Liar & Spy by Rebecca Stead | Review
Age Range: 9 and up
Hardcover: 192 pages
Publisher: Wendy Lamb Books; 1 edition (August 7, 2012)
What to Expect: Relocating due to job loss, clubs, spies, bullies, new friends, solving problems
When Georges’ father loses his job, the family has to sell their house and move to an apartment in Brooklyn. Mom still has her nursing job, so Georges and Dad are in charge of moving day. While taking garbage to the basement, they see a sign on a door that says, “Spy Club Meeting—TODAY!” Dad, who has a quirky sense of humor, writes “What Time?” and forgets about it. Later, Georges takes empty cartons to the basement and finds an answer: “1:30?”
Thus begins Georges’ friendship with a twelve-year-old boy named Safer and his younger sister, Candy. Safer immediately makes Georges a spy in training so they can work on a case involving the man who lives in the apartment right above Georges. According to Safer, “Mr. X” has visitors who never leave, whereas Mr. X often leaves his apartment carrying suitcases. Soon Georges finds himself aiding and abetting Safer’s weird approaches to solving the mystery, until a surprising resolution explains his behavior.
Stead moves this story along with sly humor and wit, including two subplots that have equally surprising resolutions. One involves coping with two bullies at school, Dallas and Carter , who love to pick on Georges because of his name. (Georges was named after the painter Seurat.) The other involves his mother’s double shifts at the hospital to help the family income.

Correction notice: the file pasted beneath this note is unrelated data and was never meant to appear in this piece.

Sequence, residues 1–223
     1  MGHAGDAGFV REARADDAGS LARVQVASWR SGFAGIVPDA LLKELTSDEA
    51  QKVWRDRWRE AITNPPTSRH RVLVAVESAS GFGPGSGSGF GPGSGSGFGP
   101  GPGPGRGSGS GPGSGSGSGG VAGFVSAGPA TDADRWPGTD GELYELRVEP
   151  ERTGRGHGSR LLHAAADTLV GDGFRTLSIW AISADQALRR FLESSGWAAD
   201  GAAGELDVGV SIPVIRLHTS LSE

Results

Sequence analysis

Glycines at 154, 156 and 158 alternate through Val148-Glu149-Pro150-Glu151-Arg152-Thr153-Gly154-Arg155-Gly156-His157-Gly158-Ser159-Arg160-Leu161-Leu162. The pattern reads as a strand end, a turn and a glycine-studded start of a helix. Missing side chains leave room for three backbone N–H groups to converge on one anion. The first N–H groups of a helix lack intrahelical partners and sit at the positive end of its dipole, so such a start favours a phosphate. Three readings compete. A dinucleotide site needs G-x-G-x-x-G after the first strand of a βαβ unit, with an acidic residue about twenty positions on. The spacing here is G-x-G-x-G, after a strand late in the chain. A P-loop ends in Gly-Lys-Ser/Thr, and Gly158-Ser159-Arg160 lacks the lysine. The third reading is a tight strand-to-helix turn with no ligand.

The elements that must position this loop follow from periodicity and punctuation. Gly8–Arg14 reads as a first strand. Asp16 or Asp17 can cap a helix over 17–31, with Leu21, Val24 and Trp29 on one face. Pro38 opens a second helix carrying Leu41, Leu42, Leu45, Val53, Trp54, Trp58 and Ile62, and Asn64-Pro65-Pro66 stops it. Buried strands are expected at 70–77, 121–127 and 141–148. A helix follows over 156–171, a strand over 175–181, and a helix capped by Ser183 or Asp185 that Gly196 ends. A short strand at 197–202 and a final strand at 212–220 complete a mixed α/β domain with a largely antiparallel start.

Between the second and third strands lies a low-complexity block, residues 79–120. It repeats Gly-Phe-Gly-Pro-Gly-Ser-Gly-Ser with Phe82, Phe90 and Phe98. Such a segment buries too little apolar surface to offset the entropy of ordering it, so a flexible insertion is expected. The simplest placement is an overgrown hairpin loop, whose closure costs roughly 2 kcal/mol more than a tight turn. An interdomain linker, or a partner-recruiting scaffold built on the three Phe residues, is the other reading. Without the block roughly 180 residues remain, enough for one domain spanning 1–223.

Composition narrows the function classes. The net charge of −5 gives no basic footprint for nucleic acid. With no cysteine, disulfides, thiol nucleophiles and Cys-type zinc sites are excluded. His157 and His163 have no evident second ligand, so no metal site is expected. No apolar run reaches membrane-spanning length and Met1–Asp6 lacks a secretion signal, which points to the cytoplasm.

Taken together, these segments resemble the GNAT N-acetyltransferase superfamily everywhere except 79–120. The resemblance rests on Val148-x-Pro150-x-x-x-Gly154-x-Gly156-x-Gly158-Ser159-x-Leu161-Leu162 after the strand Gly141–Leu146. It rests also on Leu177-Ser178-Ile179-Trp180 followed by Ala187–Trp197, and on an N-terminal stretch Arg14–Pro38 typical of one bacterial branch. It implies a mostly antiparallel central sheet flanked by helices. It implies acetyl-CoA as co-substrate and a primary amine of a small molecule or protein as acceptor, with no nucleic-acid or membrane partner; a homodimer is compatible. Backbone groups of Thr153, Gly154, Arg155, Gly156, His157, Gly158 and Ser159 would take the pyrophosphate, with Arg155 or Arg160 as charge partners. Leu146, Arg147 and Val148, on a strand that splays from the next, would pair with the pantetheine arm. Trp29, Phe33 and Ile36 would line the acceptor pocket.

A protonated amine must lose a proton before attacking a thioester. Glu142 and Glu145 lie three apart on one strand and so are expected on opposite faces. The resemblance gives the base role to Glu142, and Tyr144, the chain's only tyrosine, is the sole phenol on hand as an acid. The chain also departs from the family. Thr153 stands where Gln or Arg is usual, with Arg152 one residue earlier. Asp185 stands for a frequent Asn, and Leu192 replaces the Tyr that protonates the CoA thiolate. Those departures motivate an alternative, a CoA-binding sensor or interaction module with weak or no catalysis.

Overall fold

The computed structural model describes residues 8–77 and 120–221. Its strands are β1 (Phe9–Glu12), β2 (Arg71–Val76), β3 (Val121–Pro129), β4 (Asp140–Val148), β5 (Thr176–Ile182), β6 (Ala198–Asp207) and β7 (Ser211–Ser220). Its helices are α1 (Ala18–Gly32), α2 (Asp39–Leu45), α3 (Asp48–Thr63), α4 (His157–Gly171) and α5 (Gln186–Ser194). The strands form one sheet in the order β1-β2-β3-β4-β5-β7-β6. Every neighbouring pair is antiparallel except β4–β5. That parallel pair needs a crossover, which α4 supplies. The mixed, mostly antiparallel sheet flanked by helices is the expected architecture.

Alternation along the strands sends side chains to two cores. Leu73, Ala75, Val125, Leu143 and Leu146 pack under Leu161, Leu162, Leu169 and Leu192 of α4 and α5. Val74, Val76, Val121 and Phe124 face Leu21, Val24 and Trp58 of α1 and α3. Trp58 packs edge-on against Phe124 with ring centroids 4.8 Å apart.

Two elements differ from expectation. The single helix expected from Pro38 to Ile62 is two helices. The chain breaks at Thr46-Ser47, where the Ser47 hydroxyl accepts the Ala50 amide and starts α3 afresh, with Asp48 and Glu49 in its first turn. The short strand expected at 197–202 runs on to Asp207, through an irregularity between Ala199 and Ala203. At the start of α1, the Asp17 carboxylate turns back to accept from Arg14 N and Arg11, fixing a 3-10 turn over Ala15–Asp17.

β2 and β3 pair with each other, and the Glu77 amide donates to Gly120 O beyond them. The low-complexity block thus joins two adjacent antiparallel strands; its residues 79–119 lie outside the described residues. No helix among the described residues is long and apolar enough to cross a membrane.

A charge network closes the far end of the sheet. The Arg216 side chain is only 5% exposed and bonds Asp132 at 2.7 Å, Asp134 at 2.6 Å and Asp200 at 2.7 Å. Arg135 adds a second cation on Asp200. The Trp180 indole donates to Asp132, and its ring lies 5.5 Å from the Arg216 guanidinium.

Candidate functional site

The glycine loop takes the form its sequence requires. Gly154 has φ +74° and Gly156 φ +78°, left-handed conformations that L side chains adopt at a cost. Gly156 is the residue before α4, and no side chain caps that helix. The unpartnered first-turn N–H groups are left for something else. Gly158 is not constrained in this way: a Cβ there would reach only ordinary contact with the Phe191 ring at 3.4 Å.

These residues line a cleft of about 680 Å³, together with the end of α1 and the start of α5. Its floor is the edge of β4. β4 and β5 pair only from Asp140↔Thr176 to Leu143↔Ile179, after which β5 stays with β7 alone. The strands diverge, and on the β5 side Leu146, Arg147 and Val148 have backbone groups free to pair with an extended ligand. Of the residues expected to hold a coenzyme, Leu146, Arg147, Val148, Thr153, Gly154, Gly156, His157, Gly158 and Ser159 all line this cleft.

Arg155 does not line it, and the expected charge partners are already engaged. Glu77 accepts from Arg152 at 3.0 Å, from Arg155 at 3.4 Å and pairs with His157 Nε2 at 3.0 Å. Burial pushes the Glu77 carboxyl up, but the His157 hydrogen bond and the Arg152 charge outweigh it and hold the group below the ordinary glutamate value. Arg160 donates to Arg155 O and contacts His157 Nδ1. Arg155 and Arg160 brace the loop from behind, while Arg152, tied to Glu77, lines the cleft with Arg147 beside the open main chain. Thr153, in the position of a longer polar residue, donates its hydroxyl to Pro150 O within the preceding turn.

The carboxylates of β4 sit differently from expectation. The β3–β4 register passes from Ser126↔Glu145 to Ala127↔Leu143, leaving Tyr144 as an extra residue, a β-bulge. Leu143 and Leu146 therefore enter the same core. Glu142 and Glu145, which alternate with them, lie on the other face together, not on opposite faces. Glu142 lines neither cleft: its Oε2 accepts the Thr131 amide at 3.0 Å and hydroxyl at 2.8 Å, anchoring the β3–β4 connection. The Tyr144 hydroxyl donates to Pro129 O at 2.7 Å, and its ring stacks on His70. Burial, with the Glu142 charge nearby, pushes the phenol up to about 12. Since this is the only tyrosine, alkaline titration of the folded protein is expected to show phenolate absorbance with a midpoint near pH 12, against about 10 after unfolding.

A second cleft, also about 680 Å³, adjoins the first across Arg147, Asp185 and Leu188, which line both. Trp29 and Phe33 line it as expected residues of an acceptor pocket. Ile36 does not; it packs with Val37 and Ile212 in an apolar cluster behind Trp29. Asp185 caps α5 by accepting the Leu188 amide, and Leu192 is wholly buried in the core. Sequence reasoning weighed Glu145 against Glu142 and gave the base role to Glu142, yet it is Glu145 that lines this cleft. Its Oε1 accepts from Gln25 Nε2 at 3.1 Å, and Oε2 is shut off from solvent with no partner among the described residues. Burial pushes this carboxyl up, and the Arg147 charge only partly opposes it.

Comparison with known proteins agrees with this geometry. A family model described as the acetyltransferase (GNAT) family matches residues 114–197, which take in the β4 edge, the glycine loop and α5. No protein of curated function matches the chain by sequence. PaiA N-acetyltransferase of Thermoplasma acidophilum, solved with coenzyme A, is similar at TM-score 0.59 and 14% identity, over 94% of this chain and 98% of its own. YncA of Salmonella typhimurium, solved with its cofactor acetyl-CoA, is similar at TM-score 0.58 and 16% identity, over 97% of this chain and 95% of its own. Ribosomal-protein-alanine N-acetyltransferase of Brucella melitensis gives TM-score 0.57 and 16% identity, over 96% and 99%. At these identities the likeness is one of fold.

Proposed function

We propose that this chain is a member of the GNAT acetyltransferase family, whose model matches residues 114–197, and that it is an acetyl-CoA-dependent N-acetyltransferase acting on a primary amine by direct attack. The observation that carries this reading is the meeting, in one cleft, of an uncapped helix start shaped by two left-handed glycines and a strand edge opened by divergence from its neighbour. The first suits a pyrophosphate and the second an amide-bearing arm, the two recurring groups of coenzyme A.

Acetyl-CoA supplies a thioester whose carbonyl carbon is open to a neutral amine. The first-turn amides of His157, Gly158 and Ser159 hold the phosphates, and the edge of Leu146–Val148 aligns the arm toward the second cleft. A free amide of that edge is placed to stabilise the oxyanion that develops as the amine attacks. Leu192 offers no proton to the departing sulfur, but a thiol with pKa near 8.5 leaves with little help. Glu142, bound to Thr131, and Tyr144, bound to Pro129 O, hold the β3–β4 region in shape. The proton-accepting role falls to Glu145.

Though aspects of one of the subplots strained my credibility (and I won’t be a spoiler), I found this a delightful read that kept me chuckling. Georges is a smart and likable protagonist who manages to come up with his own innovative solutions to problems, and they work.
“I pace back and forth in the hall for a minute and then run back downstairs. I get into bed and lie still, but sleep is not happening. I listen for footsteps above me, though the fact is that I have never heard a single sound from Mr. X’s apartment.
That’s when my cell phone goes off. I’ve left it on my desk, where it buzzes against the wood and makes my heart practically explode.”
This book will appeal to “tween” readers (both girls and boys) who like clubs, spy stories, mysteries, and who worry about how to handle bullies at school.
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Liar & Spy was reviewed by Elizabeth Varadan.